Since some simple and free sites have been made available to the public to ask artificial intelligence software to produce images, illustrations and fake photographs – such as DALL•E, Midjourney and Stable Diffusion – it has become a bit more complex to understand if the person a photo of which you are looking at really exists or if it was generated by a computer. However, there are details of the human physiognomy that even the most sophisticated artificial intelligences seem to have a lot of trouble recreating: feet, teeth, but above all hands.
In almost all the photos generated by these programs, in fact, people have more or less fingers than they should, or horribly disfigured, crooked, disturbing hands. A perfect example is this set of photos obtained by developer Miles Zimmerman by asking Midjourney to generate “a 2018 photo of happy 20-somethings dressed for a night out having fun at a house party”:
Midjourney is getting crazy powerful—none of these are real photos, and none of the people in them exist. pic.twitter.com/XXV6RUrrAv
—Miles (@mileszim) January 13, 2023
The fact that AIs are bad at drawing hands has become so well established that it has inspired amused comments that, in the future, people who watch AI-generated porn they will ask their partners humans to add extra plastic fingers. Recently, children’s book author Justin Boldaji also wrote a very short horror story on Twitter: “I gradually realized that in old photos from when I was a child, all my relatives had horribly disfigured fingers.”
To understand the reason for these constant errors, journalist Pranav Dixit of buzz feed spoke to a spokesperson of Stability AI, one of the various sites that allow you to generate this kind of photographs. In order to draw things like “a Simpsons-style dog” or “a platypus wearing a bow tie,” Stability AI’s AIs, like those in DALL•E or Midjourney, were trained on huge datasets that contain thousands of images of dogs, scenes from the Simpsons, platypuses and bow ties (as well as millions of other things), until “learning” that the word “platypus” corresponds to a strange animal with a duck’s bill and a marmot’s tail.
However, the spokesperson for Stability AI explained a buzz feed that, basically, the photos and drawings of human beings contained in these data sets always contain faces, but much more rarely hands, feet and smiles showing teeth, and therefore it is more difficult to train the artificial intelligence to understand how many fingers a person’s hand should have, and how long or straight these fingers should be.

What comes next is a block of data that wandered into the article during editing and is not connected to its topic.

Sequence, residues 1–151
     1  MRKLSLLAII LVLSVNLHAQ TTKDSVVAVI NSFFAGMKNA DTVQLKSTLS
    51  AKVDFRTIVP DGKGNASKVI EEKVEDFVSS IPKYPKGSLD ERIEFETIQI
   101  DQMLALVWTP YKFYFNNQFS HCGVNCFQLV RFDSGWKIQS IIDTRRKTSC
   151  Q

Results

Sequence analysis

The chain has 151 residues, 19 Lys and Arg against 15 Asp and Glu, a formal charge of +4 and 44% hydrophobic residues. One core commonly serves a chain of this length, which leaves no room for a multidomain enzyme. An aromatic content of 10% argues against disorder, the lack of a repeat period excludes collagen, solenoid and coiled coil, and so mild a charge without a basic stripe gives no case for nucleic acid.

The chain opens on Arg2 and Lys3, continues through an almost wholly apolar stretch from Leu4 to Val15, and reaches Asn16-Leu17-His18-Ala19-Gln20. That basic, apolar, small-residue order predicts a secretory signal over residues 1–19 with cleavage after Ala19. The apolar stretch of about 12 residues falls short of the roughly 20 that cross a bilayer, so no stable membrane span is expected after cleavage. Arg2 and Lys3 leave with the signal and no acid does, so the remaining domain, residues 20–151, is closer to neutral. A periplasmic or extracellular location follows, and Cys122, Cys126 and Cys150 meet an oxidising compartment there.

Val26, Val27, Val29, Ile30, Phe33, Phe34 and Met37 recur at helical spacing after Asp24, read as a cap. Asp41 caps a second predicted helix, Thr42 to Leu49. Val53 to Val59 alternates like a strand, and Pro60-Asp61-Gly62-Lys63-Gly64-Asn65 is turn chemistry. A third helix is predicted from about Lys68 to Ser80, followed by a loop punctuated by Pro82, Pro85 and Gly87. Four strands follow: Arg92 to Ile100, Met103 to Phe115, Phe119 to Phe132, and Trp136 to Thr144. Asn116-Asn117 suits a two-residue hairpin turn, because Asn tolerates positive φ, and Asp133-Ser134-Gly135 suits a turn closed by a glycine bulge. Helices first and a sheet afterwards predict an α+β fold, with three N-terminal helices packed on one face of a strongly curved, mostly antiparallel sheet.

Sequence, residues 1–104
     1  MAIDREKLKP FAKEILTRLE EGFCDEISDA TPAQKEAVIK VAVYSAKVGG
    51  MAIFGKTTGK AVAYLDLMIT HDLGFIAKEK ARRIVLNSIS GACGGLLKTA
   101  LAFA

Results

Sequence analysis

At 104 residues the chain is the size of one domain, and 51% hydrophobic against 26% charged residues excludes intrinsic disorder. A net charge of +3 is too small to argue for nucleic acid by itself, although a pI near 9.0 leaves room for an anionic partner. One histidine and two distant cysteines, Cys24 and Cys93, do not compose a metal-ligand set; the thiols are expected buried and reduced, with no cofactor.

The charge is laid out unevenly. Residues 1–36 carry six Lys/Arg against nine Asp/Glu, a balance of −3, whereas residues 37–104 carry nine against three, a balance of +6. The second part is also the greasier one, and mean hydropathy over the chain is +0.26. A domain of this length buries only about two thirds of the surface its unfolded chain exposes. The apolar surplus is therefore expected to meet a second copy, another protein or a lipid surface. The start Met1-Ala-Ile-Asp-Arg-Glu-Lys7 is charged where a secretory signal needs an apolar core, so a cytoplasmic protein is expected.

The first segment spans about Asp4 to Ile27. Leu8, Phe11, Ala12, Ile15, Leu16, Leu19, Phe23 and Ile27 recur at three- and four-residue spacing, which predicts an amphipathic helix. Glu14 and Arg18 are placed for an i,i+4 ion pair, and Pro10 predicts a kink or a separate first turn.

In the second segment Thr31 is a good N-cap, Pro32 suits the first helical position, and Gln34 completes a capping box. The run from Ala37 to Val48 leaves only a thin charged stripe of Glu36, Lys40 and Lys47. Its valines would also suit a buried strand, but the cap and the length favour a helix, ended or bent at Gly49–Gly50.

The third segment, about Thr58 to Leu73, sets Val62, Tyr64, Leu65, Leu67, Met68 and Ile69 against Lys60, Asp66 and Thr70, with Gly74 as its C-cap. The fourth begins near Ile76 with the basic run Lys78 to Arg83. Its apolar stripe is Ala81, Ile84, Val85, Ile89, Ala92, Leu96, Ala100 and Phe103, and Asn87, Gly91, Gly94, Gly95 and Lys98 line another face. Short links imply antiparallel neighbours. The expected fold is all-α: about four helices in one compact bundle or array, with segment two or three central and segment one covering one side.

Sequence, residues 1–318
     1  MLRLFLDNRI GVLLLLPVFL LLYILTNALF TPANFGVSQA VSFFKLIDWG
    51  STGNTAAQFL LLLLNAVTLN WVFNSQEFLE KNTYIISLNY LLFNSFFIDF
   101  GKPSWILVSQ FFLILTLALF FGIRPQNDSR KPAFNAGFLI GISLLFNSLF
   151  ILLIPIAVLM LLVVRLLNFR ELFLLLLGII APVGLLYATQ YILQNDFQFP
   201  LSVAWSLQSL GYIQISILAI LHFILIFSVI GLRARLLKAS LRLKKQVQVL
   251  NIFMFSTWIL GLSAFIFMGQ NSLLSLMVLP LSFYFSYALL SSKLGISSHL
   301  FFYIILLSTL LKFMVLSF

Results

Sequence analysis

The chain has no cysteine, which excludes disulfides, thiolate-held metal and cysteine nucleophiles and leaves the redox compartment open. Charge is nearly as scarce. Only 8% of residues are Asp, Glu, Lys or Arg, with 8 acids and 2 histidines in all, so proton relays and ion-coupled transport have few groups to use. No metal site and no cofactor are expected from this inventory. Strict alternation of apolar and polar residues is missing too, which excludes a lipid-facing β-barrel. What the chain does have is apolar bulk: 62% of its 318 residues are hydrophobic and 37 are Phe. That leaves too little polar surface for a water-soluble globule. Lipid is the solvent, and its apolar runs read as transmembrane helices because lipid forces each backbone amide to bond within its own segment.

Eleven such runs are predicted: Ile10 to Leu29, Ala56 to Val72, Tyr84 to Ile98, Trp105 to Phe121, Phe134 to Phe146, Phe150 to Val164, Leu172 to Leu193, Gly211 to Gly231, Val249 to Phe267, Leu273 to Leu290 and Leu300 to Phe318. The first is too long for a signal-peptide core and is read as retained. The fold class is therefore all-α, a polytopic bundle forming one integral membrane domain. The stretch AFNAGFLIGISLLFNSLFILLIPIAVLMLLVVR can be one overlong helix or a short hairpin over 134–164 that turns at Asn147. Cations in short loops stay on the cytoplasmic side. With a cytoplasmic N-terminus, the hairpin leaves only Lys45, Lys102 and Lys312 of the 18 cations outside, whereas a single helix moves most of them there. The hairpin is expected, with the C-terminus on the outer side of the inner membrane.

According to Amelia Winger-Bearskin, artist and professor at the University of Florida who studies the aesthetics of art generated by artificial intelligence, the problem is that these technologies have not yet understood what “a hand” is after all. , and how it relates anatomically to the human body. The AI “only sees the way the hands are represented, but the hands in the images are quite articulated. They are usually bent to catch something. Other times, they’re squeezed around another person.” In short, hands do too many things in photos to be recognized as a single element by artificial intelligence.
“In the photos, the hands are very rarely open, with the fingers well apart and visible. If so, artificial intelligence would be able to reproduce them perfectly,” says Winger-Bearskin. Not surprisingly, learning to draw a hand is also one of the first things you work on when approaching the artist’s profession, and it often happens that in cartoons the characters have fewer than five fingers to simplify the work to the designers. According to the expert, however, even artificial intelligences will learn over time to reproduce believable hands, exactly as real artists do: “if we want artificial intelligence to be a useful tool for humanity, it must understand what it means to be human, and what is the anatomical reality of human beings».